Genes Reformation: A Boost To Space

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Genes Reformation Provides Answers.

Why can’t humans survive in space? Simple, the thin air and harsh ionizing radiation for any length of time or the conditions considering the microgravity makes it impossible. Genes reformation is said to be a help to combat it.

Just recently, a doctoral candidate at the MIT Media Lab in Cambridge, Massachusetts shared in a talk in TED that some other toughest organisms on the planet have genes that humans might borrow to survive space.

Scientist could maneuver human and the bacteria and plants they get along with them to combat the conditions of microgravity in space with the use of synthetic biology tools – this makes another Earth on another planet, commonly known as terraforming.

According to Nip, this would be more effective and will cause less time than other terraforming methods that might by applied which might possibly include shipping of all the things that might help to come up a hermitically sealed surroundings.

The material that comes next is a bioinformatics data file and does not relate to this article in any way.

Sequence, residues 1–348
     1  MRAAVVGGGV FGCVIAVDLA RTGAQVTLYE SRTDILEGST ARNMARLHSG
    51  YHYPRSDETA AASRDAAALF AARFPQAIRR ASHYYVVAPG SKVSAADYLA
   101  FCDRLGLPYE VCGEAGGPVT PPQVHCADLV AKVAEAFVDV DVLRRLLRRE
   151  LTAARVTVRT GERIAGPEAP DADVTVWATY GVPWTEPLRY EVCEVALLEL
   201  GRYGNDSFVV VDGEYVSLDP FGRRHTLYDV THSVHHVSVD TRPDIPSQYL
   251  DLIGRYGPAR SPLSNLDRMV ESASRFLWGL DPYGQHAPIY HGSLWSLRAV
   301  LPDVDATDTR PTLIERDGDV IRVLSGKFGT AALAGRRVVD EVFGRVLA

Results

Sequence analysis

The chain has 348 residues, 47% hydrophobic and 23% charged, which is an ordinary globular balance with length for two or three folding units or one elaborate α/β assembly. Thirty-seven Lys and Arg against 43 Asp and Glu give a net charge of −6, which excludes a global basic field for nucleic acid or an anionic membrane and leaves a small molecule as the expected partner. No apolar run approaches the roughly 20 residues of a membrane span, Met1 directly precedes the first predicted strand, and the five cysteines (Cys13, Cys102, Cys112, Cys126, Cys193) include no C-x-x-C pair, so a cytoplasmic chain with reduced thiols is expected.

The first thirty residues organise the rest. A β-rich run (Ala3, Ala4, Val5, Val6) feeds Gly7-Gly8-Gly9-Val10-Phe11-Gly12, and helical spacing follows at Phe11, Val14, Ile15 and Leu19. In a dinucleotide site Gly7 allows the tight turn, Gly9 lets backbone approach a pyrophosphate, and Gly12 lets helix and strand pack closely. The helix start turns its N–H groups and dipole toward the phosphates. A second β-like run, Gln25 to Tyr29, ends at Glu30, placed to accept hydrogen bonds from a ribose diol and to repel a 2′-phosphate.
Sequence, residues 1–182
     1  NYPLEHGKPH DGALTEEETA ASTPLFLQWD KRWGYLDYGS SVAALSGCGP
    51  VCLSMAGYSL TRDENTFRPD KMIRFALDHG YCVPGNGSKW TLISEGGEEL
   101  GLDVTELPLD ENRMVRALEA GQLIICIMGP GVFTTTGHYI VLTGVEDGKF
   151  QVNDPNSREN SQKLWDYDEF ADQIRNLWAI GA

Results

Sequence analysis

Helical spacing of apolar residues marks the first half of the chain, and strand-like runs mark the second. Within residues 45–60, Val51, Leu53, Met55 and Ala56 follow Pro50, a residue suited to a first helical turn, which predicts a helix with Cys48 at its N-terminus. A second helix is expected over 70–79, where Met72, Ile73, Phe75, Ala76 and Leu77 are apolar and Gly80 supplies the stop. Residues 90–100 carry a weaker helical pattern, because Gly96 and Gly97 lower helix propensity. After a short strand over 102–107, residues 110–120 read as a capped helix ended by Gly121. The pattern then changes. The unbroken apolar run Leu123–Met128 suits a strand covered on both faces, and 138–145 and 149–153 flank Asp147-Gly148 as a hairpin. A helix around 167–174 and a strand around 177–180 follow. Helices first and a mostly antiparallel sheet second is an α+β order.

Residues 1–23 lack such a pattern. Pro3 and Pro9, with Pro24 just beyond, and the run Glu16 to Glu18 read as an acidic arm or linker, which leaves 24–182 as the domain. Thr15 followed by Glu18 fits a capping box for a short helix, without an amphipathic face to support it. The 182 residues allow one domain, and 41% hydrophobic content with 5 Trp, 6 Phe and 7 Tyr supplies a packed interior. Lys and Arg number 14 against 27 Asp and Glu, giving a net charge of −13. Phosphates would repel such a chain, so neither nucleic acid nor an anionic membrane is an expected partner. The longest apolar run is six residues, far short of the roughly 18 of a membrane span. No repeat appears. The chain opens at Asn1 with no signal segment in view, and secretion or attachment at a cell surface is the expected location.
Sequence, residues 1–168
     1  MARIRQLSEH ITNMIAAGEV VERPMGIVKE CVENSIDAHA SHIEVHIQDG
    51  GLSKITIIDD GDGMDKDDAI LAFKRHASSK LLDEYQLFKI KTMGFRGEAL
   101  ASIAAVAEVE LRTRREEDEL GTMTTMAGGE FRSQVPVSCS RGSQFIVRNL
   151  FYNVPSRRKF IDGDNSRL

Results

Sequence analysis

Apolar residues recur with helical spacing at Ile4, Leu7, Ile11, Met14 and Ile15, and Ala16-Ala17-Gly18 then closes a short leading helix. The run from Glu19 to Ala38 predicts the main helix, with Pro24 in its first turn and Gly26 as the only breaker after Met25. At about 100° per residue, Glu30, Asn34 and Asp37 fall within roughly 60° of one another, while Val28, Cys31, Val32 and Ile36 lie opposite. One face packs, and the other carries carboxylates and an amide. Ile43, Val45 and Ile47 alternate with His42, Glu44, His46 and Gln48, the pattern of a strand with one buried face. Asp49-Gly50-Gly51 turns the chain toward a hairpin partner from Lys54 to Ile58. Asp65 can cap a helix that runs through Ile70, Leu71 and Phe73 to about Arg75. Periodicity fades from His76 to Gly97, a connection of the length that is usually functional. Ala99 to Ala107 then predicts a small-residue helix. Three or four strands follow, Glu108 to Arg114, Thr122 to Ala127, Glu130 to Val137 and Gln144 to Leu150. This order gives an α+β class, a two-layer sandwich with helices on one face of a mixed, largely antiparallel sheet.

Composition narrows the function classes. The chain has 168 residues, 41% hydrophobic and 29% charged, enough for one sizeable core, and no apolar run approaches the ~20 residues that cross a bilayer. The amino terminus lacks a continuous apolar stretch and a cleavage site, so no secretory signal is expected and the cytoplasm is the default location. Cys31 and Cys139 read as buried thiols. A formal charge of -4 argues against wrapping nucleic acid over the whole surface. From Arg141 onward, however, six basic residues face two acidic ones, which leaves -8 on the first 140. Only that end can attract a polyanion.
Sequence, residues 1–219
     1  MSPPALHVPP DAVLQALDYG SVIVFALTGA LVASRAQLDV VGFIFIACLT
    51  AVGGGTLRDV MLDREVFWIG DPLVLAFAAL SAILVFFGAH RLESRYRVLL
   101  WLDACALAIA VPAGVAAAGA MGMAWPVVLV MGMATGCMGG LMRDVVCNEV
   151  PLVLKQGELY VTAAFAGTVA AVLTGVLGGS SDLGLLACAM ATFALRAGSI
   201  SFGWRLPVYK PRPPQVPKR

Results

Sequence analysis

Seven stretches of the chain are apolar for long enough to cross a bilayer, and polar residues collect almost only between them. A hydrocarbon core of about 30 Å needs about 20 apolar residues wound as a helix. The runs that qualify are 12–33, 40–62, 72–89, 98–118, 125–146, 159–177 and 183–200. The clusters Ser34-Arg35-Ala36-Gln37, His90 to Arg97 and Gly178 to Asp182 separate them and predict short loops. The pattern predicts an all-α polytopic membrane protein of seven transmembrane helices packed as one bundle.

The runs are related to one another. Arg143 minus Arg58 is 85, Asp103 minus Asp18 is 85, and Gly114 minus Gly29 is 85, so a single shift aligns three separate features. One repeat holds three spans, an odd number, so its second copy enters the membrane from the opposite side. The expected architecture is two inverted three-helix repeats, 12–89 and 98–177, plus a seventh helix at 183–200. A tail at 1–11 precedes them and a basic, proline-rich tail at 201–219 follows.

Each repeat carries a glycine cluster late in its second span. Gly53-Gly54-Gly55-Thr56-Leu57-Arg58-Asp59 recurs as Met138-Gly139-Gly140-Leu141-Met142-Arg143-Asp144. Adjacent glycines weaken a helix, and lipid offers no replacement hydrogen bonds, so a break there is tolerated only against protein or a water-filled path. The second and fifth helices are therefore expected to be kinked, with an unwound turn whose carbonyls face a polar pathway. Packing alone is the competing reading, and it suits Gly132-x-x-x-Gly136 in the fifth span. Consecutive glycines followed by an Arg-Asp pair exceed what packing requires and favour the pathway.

Genes
Genes

However, the human bodies are still bound to its limits. Human beings are the superior homebodies.

We have already lived and adapted to an environment that provides caring conditions – the Earth have been abundant with oxygen for years and its temperate conditions has always made living possible.

Those who wanted to tie their fate to space explorations would really have to deal with the tough conditions and realities in the outer space.

It takes years for bones to get weak here on Earth but in the outer space, there is this microgravity that can weaken it, affect the heart, and destroy the DNA due to radiation according to Nip.

Mars is the next most possible to live at among the several planets in the solar system. Of course, Earth comes first. Yet in the point of fact, the average temperature in Mars is about minus 85 degrees Fahrenheit (minus 65 degrees Celsius).

It never rains and there is no shield against solar radiation with soil that goes almost the same with volcanic ash in Hawaii as shared by the doctoral candidate of Cambridge, Massachusetts.

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